Saturday, March 12, 2011

Lending ebooks? Debunking corporate lies

Since have recently posted a review of ebook readers I decided that it might be a good idea to post an excellent article by John Sullivan, the operations manager at the Free Software Foundation (of which I am a 'card carrying member'), debunking some of the lies told to us by big corporations about the issue of 'ebook lending'.  John's piece, entitled "Lending: A solved problem" appeared in the Fall 2010 FSF Bulletin. I highly recommend it.

The Saker

Lending: A solved problem by John Sullivan

Lending and borrowing are not desirable activities. They are things we do when we have to, when there isn't enough of something to go around. Not to say that lending something like a book to a friend is without benefits beyond access to the material; it can create a shared experience that makes for good conversation, or provide an excuse to see each other.

But really, it's something we'd rather not have to do. Even the best-intentioned friends forget to return things, and sometimes during the lending period we wish we had the book back to look up a favorite quote. A good friend of mine gets upset whenever even the corner of one of her books gets bent — not an uncommon fear among book lovers — and this is a heavy responsibility to bear when borrowing.

We like lending libraries because, like public schools, they give more people access to more information and culture regardless of their wealth. They allow us to explore and research topics we are interested in, in a single location and without the difficult task of actually acquiring dozens of physical books. For many of us, libraries are wonderful places; it can be inspirational to be holed up at a desk somewhere deep in the stacks.

But really, we'd rather not have to use a lending library. All too often, the books we want to borrow aren't there, because someone else has already borrowed them. We've all turned excitedly to a promising page from a book's index, only to find the page has been glued with chewing gum to the facing page, or its key words obscured by coffee stains. The borrowing part of the library is not the good part; the fact that only one person can have a particular book out at a time — and that we all have to repeatedly use the same copies — runs counter to the most important reasons we support the existence of libraries.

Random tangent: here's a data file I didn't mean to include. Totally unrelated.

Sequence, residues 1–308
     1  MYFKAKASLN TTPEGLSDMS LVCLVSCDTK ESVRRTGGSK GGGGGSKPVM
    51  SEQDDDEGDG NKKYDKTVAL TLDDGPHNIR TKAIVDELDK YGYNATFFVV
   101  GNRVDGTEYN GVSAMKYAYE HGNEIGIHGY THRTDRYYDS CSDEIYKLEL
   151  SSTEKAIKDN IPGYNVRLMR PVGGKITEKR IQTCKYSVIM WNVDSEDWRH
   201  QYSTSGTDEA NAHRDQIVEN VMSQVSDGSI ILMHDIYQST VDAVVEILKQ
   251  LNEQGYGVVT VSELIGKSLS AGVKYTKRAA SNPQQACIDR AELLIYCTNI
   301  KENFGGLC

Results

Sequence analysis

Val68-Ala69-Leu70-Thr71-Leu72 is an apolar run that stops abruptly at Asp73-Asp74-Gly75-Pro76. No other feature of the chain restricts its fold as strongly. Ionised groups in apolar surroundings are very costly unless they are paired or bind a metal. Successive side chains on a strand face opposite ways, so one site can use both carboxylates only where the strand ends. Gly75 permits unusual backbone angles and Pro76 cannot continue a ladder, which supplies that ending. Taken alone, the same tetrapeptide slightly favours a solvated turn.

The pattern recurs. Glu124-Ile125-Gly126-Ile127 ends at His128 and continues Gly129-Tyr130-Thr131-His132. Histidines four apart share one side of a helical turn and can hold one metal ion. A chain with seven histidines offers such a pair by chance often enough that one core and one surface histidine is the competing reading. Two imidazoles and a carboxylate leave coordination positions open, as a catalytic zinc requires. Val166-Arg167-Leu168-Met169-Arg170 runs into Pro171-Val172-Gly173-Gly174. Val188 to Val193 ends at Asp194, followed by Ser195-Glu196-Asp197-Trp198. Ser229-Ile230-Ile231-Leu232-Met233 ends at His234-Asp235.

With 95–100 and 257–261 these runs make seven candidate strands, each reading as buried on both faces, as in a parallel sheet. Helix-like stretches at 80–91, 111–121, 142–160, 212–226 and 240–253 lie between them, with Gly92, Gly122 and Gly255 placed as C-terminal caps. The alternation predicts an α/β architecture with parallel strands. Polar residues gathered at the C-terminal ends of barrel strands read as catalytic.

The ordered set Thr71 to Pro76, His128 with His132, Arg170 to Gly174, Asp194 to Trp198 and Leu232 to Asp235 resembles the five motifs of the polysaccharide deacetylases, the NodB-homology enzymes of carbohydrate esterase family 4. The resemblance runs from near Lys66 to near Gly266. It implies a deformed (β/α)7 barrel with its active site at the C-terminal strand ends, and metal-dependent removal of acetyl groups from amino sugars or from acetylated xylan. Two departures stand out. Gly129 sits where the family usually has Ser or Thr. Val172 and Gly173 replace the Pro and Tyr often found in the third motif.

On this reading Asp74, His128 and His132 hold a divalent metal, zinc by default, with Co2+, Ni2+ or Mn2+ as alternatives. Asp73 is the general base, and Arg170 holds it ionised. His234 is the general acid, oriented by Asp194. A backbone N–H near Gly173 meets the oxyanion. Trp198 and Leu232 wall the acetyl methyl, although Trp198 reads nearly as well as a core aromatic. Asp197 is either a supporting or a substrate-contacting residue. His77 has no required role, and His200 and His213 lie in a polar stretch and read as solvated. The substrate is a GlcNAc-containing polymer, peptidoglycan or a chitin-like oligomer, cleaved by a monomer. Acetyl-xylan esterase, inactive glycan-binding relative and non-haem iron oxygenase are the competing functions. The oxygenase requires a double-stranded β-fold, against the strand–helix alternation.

If we could have the benefits of lending to friends and borrowing from libraries without the inconveniences, we would. If we could just make a copy of that good book and give it to our friend at no noticeable cost, we would choose to do that, every time. If both you and I could get the same book from the library at the same time, neither of us would deny the other that.

Fortunately, with electronic books, the inconveniences of lending and borrowing are solved problems. Books can now be infinitely read and shared. We can now all have access to all of them, all of the time. And this is why it sounds so strange to hear digital book companies like Amazon and Barnes & Noble bragging about how their ebook-reader devices "support lending."

When they advertise this "feature," what they mean is: "We have managed to take a digital book, and make it not work anymore!" They have removed one of the primary advances the digital book represents for civilization, and replaced it, by design, with a defective version.

They have managed to recreate, in the palm of a reader's hand, the thrill of tracking down a call number deep in the library stacks only to find its spot occupied by empty space. With a clever arrangement of bytes, they have enabled users to experience the equivalent of being without their books while their friends' dogs chew on them. Maybe if we're lucky, next they'll implement the feature that allows two electronic pages to be stuck together as if by gum, or that translates coffee spilled on the screen into equivalent damage to the digital pages.